I got an email the other day from my son’s preschool teacher. It contained pictures of my son sitting with five other boys on the side of the playground.
Apparently, one of the boys had been put in timeout, and the others banded together and sat with their friend. I smiled as I looked at my son’s happy face sitting next to his buddies. When I called my mother and told her the story, we both laughed.
Then, I opened a new window on my computer to check out the news and watched Dr. Christine Blasey Ford step forward with courage and composure to relay the horror that she had endured as a high school teen. In her opening statement and during her testimony before the Senate Judiciary Committee, Blasey spoke of a culture of privilege, parties and predatory behavior.
Later that afternoon, after Supreme Court nominee Brett Kavanaugh ranted, complained and cried through his own testimony to counter Blasey’s allegation that he sexually assaulted her, I sat in silence.
The day after my son was born, I told my husband to take a nap. Labor and delivery had been a long process ― one that ended in a cesarean section. I’d slept that night while Ben took care of our son, so in return, I told him to use the morning to get some rest.
As my husband slept, I stared at our beautiful baby boy, and even in the glow of the moment, I found myself in a full-blown panic. I had so much to teach him. About how to be a feminist. To respect people from all walks of life. To learn to use his privilege to help others. My son was already eight hours old, and I hadn’t even talked to him about consent yet. That “no” means “no.” And condoms! I forgot to talk to him about condoms! ALWAYS use a condom!
I lay there in my hospital bed trying to figure out where to start. Was there a natural progression to these conversations that I wasn’t yet aware of? How should I transition from topic to topic to help him understand the larger themes? I knew that my son would be bombarded by a culture that claims to value women’s brains while simultaneously marketing movies with our cleavage, as if that faceless woman is someone to be ogled and owned.
“My son was already eight hours old, and I hadn’t even talked to him about consent yet.”
My panic eventually subsided, and I settled into a habit of talking to him while we changed his clothes or diapers. We’d named him Will, because after 4.5 years of trying to conceive and five miscarriages, this little man had a will to live. Our topics of conversation varied. Sometimes it was about consent, like when Will unzipped my sweatshirt without asking. Other times, I explained to him the choices I’ve had to make in my own life and what I learned from them.
When my son started using the “word” nokay, another wave of panic hit, and consent became a hot topic in our house. My husband was always close by, supporting these conversations while reminding me that Will wasn’t leaving for college just yet ― so if I didn’t get to it all in the first year, our son would be OK. We use proper anatomical terminology, and no subject is considered taboo.
I believe there is power in silence. Oppressive, shameful power that makes us put our heads down and continue to play on our phones even when something unacceptable is happening just feet away. I want to give my son power, but with words.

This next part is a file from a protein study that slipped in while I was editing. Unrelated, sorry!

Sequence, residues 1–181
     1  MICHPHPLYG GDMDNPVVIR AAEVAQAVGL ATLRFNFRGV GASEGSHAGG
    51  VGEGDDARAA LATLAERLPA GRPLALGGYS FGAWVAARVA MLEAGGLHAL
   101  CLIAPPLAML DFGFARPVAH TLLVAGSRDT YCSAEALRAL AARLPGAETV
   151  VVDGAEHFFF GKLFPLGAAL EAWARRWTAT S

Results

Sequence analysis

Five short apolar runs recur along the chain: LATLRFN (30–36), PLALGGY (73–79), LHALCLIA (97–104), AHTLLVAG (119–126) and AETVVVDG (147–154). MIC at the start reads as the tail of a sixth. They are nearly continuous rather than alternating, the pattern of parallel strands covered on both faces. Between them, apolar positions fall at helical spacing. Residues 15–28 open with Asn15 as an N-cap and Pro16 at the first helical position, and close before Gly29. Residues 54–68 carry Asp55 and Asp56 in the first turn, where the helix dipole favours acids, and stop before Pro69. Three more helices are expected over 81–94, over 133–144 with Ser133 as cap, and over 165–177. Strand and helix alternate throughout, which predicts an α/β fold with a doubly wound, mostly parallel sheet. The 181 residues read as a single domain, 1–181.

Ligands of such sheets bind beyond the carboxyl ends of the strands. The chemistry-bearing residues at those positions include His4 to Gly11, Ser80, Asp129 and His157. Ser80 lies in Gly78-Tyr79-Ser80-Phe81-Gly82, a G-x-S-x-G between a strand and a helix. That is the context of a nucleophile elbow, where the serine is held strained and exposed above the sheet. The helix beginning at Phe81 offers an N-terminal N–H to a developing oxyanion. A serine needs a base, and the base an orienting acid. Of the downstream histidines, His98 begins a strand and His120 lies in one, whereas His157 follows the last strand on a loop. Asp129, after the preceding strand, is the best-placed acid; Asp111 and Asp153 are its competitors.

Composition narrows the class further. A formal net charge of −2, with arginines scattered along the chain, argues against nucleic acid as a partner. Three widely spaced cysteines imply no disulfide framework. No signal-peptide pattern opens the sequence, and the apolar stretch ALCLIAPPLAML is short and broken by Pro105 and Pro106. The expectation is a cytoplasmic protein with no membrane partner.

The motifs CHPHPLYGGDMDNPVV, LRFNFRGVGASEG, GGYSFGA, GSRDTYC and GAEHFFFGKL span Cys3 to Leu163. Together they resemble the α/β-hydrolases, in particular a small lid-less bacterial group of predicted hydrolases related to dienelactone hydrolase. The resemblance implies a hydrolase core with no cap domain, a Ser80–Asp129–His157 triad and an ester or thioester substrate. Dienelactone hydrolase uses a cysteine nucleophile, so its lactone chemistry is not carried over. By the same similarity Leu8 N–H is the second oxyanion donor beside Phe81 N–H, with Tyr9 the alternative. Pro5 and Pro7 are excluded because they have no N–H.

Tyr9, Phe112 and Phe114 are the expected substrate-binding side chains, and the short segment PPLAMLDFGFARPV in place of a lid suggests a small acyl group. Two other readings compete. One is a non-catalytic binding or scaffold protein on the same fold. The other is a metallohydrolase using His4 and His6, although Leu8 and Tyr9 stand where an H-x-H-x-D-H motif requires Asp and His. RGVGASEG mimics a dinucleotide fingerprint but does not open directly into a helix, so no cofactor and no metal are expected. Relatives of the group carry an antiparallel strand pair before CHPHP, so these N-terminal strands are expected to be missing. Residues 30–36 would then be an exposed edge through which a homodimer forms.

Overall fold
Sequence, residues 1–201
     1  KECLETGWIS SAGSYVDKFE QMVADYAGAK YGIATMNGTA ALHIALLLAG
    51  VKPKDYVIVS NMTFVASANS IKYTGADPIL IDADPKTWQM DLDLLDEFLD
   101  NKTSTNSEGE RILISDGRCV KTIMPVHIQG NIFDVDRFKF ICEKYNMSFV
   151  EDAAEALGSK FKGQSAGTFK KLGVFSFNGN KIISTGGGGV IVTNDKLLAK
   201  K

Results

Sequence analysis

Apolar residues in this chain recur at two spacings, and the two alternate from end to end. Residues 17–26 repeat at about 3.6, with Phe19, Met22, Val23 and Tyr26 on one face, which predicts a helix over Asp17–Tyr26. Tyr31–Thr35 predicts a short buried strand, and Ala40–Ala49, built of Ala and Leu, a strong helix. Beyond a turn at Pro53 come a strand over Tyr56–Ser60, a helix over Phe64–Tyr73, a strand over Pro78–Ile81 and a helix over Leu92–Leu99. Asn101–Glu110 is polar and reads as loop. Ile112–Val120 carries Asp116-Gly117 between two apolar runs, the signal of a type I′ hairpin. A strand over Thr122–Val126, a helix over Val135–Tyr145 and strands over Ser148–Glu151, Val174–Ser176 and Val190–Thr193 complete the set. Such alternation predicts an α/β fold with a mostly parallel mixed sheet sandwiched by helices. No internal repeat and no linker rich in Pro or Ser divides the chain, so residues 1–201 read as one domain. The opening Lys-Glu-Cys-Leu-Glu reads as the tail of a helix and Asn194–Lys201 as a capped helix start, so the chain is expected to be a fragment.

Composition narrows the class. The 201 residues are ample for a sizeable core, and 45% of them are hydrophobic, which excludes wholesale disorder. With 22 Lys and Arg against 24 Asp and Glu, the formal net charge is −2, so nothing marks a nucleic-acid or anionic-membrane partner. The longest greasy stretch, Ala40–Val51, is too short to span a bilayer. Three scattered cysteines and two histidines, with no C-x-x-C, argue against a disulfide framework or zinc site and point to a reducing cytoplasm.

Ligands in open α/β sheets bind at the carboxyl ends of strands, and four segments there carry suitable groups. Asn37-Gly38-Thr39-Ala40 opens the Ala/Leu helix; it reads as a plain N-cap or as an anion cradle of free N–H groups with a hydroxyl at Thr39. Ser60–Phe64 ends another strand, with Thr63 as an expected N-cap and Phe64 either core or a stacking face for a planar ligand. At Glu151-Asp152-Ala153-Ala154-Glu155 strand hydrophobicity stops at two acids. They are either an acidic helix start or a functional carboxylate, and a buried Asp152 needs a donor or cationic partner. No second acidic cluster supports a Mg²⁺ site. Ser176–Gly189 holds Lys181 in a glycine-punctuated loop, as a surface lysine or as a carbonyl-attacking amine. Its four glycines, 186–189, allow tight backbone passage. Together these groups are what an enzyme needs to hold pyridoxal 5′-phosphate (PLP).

So here I sit, looking at a photo of my little man sitting with his friend who’s been put in timeout. And just like that evening in the hospital after Will was born, I pause again.
I have no idea what his friend’s transgression was. It could’ve been a refusal to share something (they’re in preschool, after all). It could’ve been something more, like pushing or shoving a classmate (again, not unusual for young kids playing on a playground).
But what happens when Will is in middle school and hears his friend say something derogatory about a female classmate? Or in high school, when a friend tells him about an incident that she’s too scared to talk to an adult about? Or when he’s at a frat party in college and sees a young woman being pushed into a dangerous situation? What can I do now to stop the perpetuation of this culture?
“I want to give my son power, but with words.”
I’m adding another conversation to my list ― one about not supporting kids who do bad things. A conversation with my son about observing others and choosing a way to either stop the action or get the help needed to do so. Even if that means standing up to a friend who is doing the bad thing.
I know I have a caring, kind and curious little boy. He says please and thank you. He cries when he makes a mistake, and he loves to dance in the living room with his mama. He’s learning about personal space, sharing and communication. I know these are lifelong lessons ― and that they started in that hospital room.
The offender on the playground is not a bad kid, and I would never equate the socialization of kids with the predatory acts of an adult. But if parents don’t have these conversations with their children now, if we don’t draw a line in the sand and stand up to a culture that has supported predators instead of survivors, then nothing will ever change.
I can’t go back in time and help Dr. Blasey Ford by intervening or by calling for help. I can’t put on a superhero suit and travel around the world stopping every attack on every woman in the world. But I can keep talking to my son ― and any other parents and children who want to talk. I can change the present. And I can sure as heck give my son the tools he needs to change the future.
Sarah Maloney is a producer. She lives in California with her husband, Ben, and son, Will.